- The NAFTA talks may stretch out over much of 2017. Wilbur Ross, Trump's nominee for Secretary of Commerce, is slated to lead the talks with Mexico once his appointment is confirmed; and Mexican officials seem prepared to begin discussions. Ross has said he thinks tariffs are the last resort, and that he considers trade agreements a better way to achieve free trade while safeguarding U.S. interests.
- Talk of deportations and a proposed border wall might create enough controversy to derail NAFTA talks. President Trump's repeated statements about having the Mexican government pay for a border wall doesn't actually involve NAFTA, but may make it politically difficult to cut a deal.
In our view, the global stock market impact of a trade war with NAFTA countries would be negative, but recent developments since President Trump has taken office suggest a process that may lead to months of talks rather than actions, allowing the market to adopt a wait-and-see attitude to how the deal may develop. Nevertheless, a potential trade war remains a risk to better economic growth in 2017.
Patience is key for investors, with political realities colliding with hoped-for reforms. Elevated earnings and economic expectations could lead to a pullback or more sideways action. Ultimately, we believe fiscal stimulus is coming—although perhaps later than anticipated—and the bull market in U.S. stocks will continue. International economic growth is stable, but does not appear to be accelerating, leading us to favor U.S. stocks over developed international stocks at the present time.
International investments are subject to additional risks such as currency fluctuations, political instability and the potential for illiquid markets. Investing in emerging markets can accentuate these risks.
The information provided here is for general informational purposes only and should not be considered an individualized recommendation or personalized investment advice. The investment strategies mentioned here may not be suitable for everyone. Each investor needs to review an investment strategy for his or her own particular situation before making any investment decision.
All expressions of opinion are subject to change without notice in reaction to shifting market, economic or political conditions. Data contained herein from third party providers is obtained from what are considered reliable sources. However, its accuracy, completeness or reliability cannot be guaranteed.
Past performance is no guarantee of future results. Forecasts contained herein are for illustrative purposes only, may be based upon proprietary research and are developed through analysis of historical public data.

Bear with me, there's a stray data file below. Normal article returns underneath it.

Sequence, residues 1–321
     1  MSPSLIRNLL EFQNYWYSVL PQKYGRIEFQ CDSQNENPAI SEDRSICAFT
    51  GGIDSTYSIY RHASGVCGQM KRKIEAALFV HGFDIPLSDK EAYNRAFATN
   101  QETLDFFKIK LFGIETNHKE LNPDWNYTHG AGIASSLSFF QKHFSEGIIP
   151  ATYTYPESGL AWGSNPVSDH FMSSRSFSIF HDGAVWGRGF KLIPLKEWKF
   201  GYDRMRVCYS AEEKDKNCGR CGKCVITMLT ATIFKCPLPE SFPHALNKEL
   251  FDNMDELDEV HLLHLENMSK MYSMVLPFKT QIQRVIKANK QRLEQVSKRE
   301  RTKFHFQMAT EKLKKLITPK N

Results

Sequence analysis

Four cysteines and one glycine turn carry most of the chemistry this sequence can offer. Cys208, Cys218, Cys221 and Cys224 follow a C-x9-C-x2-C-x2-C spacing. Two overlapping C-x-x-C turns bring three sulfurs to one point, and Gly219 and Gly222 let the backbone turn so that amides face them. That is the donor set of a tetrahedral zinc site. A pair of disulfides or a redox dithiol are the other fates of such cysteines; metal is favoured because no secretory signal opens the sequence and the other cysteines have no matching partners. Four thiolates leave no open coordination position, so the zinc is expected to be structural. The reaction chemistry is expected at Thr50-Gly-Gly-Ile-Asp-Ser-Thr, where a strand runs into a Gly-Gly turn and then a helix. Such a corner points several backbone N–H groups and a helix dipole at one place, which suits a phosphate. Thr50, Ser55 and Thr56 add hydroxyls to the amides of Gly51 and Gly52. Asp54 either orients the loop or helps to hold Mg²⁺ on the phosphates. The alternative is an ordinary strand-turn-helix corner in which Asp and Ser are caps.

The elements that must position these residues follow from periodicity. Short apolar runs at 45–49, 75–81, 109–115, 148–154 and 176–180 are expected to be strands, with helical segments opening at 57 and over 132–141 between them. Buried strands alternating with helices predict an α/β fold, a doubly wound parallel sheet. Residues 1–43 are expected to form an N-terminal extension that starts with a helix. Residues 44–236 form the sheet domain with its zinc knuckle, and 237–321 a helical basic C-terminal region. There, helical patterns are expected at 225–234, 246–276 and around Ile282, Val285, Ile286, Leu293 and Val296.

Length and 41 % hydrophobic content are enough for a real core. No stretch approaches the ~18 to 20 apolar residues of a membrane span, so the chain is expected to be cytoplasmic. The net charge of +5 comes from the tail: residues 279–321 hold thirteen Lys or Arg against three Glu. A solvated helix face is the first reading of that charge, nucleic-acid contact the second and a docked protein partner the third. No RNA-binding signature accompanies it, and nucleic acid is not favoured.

The Chicago Board of Exchange (CBOE) Volatility Index (VIX) is an index which provides a general indication on the expected level of implied volatility in the US market over the next 30 days.
The Consumer Confidence Index<.strong> is a survey by the Conference Board that measures how optimistic or pessimistic consumers are with respect to the economy in the near future.
In Mexico, the Consumer Confidence Index (ICC) measures the current perception and future expectations that people have about their economic situation, their family and the country in general, in respect to the purchase of consumption durables and non-durables, as well as employment, inflation and savings. The index is based on a sample of 2336 households located in the 32 major cities of the country. The ICC has a base of 100 as of January of 2003, levels above 100 indicate optimism, 100 neutrality and below 100 pessimism.
The Citigroup Economic Surprise Index measures the amount that economic activity surprised or disappointed relative to analyst expectations. It’s defined as weighted historical standard deviations of data surprises (actual releases vs Bloomberg survey median). A positive reading of the Economic Surprise Index suggests that economic releases have on balance beating consensus. The index is calculated daily in a rolling three-month window.
The Institute for Supply Management (ISM) Manufacturing Index is an index based on surveys of more than 300 manufacturing firms by the Institute of Supply Management. The ISM Manufacturing Index monitors employment, production inventories, new orders and supplier deliveries.
The Institute for Supply Management (ISM) Non-manufacturing Index is an index based on surveys of more than 400 non-manufacturing firms by the Institute of Supply Management. The ISM Non-manufacturing Index monitors employment, production inventories, new orders and supplier deliveries.
The Schwab Center for Financial Research is a division of Charles Schwab & Co., Inc.